RF module configured for implantable medical devices

August 07, 2015 // By Graham Prophet
An off-the-shelf radio link, Microsemi’s ZL70323 is, the company says, the smallest radio module it has ever produced. The ZL70323 is optimised for implantable medical devices such as pacemakers, cardiac defibrillators and neurostimulators—measuring just 5.5 x 4.5 x 1.5 mm.

The module supersedes the company’s ZL70321 and complements its ZL70120 radio module used for external device controllers. Both modules are based on Microsemi’s ultralow power (ULP) ZL70103 radio transceiver chip, which supports a very high data rate radio frequency (RF) link for medical implantable communication applications.

The implantable module implements all RF-related functions needed to deploy the implant node in a Medical Implantable Communications Service (MICS) RF telemetry system. The integrated antenna tuning circuit allows the module to be used with a wide range of implantable antennas (nominal antenna impedance is 100+j150 Ohms). The module provides the following major blocks:

- ZL70103-based MICS-band RF transceiver with integrated matching network, surface acoustic wave (SAW) filter for suppression of unwanted blockers, and antenna tuning;

- 2.45 GHz wake-up receiver matching network;

- Integrated 24 MHz reference frequency crystal; and

- Decoupling capacitors and series termination resistors.

Patient health and device performance data can be quickly transmitted with little impact to the battery life of the implanted device. The device operates in the 402–405 MHz MICS band. Multiple low power wake-up options are supported including using an ULP 2.45 GHz industrial, scientific and medical (ISM) band wake-up receive option. The ZL70103 consumes less than 6 mA when transmitting or receiving and 290 nA when in a periodic sleep/sniff mode (1 second sniff interval).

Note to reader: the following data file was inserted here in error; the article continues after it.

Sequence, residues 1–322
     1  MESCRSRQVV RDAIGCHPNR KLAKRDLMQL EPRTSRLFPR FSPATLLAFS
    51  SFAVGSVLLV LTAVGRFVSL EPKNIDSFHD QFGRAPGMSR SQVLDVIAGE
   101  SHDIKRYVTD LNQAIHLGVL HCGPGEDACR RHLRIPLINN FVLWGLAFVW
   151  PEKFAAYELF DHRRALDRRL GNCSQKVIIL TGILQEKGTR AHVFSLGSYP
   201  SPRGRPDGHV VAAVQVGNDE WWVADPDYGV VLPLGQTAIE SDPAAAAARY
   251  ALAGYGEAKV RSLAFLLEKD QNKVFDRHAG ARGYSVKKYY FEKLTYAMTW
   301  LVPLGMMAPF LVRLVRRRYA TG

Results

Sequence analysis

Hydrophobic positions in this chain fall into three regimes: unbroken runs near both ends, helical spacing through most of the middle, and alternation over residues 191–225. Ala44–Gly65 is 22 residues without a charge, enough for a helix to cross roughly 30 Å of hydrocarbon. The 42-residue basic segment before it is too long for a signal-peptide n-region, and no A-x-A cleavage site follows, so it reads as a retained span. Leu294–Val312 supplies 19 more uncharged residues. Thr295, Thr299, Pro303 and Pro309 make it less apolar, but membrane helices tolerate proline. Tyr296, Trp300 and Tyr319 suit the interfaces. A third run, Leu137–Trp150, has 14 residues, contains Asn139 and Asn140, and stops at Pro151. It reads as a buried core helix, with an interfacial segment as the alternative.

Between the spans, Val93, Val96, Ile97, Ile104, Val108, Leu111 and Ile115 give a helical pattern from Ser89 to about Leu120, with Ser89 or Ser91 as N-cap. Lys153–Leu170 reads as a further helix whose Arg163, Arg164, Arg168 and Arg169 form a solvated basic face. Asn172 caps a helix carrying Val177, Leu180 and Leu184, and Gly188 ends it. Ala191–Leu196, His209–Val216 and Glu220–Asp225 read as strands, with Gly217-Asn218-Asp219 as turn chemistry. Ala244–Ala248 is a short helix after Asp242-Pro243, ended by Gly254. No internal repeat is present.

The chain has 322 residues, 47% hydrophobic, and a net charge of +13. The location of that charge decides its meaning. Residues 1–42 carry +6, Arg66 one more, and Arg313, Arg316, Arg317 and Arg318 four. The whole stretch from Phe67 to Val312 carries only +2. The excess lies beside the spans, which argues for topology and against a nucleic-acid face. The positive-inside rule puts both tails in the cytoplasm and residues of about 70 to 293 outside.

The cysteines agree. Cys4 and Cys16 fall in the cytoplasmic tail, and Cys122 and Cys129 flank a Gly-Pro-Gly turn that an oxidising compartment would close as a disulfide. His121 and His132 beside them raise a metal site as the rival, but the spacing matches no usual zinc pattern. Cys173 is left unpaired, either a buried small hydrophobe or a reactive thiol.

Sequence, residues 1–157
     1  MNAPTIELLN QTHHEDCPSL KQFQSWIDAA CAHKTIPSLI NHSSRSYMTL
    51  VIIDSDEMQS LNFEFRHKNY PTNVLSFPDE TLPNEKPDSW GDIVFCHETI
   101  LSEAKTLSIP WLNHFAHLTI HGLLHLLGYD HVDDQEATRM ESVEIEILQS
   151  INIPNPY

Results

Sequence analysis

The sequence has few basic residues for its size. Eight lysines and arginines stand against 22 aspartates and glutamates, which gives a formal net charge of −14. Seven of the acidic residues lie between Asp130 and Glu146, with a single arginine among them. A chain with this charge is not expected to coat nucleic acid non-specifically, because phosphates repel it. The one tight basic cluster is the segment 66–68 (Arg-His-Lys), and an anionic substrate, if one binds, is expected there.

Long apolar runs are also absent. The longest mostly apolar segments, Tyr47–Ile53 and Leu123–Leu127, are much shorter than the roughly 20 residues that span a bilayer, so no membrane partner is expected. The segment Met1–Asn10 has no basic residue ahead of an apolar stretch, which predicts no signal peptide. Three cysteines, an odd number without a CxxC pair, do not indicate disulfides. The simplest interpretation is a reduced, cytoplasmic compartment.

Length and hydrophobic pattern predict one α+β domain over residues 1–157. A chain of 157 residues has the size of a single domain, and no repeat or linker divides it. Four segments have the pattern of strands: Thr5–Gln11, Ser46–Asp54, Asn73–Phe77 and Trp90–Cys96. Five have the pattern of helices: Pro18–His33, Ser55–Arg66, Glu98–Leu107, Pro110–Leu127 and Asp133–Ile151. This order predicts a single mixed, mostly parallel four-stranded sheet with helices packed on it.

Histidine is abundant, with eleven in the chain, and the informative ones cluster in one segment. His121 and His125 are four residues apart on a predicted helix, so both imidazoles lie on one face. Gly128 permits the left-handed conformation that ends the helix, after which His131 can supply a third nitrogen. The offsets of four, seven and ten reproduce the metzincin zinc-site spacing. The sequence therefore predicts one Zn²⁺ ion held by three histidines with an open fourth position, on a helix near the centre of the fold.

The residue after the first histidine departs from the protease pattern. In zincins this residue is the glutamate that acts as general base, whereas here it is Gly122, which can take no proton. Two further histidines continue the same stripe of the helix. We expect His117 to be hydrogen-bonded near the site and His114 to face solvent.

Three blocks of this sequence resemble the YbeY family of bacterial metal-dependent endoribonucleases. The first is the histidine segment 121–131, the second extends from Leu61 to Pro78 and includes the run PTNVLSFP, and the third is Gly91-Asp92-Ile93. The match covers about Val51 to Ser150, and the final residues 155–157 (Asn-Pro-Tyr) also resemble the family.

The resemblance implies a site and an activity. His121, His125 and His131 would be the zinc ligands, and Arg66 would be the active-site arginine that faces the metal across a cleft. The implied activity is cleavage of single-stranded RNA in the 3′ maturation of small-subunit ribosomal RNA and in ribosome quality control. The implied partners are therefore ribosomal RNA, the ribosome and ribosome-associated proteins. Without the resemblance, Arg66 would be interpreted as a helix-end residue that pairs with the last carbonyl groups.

“Our radio modules allow medical device companies to focus … on new therapies that enable a better quality of life. The reduction in size makes it easier for companies to design smaller devices that aid patient comfort and reduce risk of infection, as a smaller incision is needed,” said Martin McHugh, Microsemi’s product line manager for the new module. “RF engineering is a highly specialised discipline and leveraging our deep expertise in this area also allows our customers to reduce design times, reduce time-to-market and minimise project risk.”

An application development kit (ADK) is available to qualified customers.

Microsemi; www.microsemi.com/products/ultra-low-power-wireless/implantable-medical-transceivers/zl70323